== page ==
Yesterday, Governor Brown's rosy revenue projections ran smack into the brick wall of reality. California's budgetary deficit isn't the paltry $9 billion predicted by the Governor. Heck, we could have found $9 billion in the state's couch cushions. No problem.
Instead, our deficit, thanks to the inexcusable fiscal malfeasance of years of legislators spending beyond our means, and the inexcusable electorate allowing them to do so, is more like $16 billion. That's billion with a "B." This year. A one-year deficit against a $91 billion budget.
The solution proposed by the Governor is to (1) tax us more than we already are, and (2) cut stuff. What gets cut? As far as our constitutionally created branch of government knows as the judiciary is concerned, the cut proposed is another $544 million from the courts budget, which has already lost $650 million over the last three years.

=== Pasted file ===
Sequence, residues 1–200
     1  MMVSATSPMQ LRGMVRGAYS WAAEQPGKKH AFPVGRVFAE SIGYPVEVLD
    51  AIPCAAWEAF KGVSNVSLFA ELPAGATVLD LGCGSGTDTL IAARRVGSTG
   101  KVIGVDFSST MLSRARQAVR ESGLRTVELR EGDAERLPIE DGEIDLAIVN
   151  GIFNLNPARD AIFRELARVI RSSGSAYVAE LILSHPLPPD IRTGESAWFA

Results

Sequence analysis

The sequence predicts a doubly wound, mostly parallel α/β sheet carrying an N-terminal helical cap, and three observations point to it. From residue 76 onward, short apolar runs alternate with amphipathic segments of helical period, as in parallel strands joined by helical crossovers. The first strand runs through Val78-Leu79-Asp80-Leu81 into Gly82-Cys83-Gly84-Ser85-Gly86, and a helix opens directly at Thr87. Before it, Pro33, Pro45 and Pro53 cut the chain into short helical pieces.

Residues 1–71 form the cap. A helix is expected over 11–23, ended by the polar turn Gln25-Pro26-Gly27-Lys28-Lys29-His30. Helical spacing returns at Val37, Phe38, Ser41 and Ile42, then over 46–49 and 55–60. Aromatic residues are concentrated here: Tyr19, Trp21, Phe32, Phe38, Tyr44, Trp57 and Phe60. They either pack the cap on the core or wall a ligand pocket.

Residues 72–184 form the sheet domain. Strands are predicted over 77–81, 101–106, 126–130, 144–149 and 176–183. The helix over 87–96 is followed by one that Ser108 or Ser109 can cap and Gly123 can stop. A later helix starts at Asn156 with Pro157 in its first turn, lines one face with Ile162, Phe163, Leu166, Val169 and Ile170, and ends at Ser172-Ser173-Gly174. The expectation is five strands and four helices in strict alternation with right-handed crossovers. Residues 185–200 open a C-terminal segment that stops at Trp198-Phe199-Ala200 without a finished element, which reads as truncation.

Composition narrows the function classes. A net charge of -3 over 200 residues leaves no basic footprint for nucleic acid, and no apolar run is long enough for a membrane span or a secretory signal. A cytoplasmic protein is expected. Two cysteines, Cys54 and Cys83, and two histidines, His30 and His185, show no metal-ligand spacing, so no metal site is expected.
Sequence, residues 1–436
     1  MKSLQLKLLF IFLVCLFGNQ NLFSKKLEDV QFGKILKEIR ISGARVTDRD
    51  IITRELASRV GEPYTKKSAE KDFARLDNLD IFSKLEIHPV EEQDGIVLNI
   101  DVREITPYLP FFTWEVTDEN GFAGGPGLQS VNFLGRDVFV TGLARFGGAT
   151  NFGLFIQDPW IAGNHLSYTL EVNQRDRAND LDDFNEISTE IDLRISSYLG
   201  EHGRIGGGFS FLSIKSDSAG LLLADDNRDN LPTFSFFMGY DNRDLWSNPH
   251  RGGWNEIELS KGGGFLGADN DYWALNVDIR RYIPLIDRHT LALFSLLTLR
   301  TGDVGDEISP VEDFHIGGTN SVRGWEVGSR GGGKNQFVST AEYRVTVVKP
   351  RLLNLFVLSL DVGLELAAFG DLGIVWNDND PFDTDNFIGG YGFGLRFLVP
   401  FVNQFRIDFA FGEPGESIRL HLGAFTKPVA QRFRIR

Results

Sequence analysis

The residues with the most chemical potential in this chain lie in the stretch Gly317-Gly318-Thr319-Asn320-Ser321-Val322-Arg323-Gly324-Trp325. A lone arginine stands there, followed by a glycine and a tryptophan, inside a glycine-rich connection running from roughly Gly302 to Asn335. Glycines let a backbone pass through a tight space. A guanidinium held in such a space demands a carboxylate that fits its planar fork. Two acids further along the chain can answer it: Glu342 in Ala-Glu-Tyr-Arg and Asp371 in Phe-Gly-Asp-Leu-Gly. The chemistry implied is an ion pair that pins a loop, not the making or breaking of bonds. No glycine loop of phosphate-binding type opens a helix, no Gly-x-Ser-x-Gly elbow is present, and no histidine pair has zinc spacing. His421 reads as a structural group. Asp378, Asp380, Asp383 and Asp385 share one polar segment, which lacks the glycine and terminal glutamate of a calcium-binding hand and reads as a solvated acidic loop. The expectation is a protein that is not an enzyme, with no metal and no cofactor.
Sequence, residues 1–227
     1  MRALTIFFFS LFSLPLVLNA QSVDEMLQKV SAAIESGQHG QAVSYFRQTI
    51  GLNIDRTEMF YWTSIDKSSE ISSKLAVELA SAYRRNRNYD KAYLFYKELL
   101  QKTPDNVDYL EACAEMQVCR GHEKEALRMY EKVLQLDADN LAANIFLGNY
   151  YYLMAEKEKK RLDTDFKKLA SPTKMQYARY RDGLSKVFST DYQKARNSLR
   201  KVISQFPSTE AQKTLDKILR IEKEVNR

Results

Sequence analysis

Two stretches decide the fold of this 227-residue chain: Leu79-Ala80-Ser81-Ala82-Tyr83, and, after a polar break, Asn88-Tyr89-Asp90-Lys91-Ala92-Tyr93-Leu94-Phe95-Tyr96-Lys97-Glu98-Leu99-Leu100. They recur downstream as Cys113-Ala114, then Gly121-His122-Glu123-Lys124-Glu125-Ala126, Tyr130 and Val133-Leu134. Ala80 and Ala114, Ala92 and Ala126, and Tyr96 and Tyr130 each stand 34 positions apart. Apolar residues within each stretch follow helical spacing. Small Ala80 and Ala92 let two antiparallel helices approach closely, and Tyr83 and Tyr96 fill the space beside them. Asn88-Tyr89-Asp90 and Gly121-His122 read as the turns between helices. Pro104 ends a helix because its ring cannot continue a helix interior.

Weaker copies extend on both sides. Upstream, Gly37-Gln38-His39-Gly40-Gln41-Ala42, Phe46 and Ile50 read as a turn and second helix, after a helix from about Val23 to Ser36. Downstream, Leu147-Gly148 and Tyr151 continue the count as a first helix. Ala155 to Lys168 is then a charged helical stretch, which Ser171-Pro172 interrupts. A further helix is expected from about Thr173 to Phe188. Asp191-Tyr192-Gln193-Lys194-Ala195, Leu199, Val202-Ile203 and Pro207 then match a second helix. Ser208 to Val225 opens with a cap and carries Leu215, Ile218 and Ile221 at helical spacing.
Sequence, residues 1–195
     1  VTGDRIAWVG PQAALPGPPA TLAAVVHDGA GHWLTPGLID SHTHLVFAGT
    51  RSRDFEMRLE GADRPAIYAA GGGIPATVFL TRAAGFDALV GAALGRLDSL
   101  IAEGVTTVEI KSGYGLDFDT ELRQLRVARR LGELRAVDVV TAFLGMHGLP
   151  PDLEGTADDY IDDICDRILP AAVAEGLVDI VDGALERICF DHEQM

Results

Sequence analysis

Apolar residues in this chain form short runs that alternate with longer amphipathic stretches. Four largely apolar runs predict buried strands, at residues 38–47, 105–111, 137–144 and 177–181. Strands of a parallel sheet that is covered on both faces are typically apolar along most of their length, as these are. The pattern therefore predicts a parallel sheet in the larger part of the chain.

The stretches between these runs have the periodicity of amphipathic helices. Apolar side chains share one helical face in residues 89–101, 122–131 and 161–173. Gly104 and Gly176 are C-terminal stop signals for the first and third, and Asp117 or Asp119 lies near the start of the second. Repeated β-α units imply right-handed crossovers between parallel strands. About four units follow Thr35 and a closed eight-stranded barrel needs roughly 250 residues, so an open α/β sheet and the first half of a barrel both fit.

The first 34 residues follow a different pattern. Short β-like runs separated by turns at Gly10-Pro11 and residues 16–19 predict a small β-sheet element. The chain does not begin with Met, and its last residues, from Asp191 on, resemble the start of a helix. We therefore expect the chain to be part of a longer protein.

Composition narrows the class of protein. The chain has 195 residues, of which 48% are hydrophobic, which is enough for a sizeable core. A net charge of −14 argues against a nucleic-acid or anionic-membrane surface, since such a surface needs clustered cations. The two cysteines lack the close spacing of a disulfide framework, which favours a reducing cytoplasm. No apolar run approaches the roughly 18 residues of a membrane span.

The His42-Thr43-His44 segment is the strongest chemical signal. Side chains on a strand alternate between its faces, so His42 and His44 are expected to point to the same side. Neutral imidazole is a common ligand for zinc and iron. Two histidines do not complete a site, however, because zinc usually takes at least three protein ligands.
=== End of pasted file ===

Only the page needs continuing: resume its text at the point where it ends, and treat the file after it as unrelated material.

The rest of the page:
One retired judge recently told me that the Los Angeles Superior Court is just rearranging deck chairs on the Titanic. But, for the most part, the leaders of the Courts, while complaining loudly about the cuts, are too political to take on the Legislature and Governor over this constutional crisis.
Where is the leadership? When are the advocates of Court access and the constitutional scholars and the judges crushed under this unchecked robbery going to stand up and demand that the third branch of government receive the first distribution of funds, regardless of what revenue is available. The Courts are entitled to protected funds sufficient to discharge their constitutional role in California.
See, for example, coverage in the Los Angeles Times.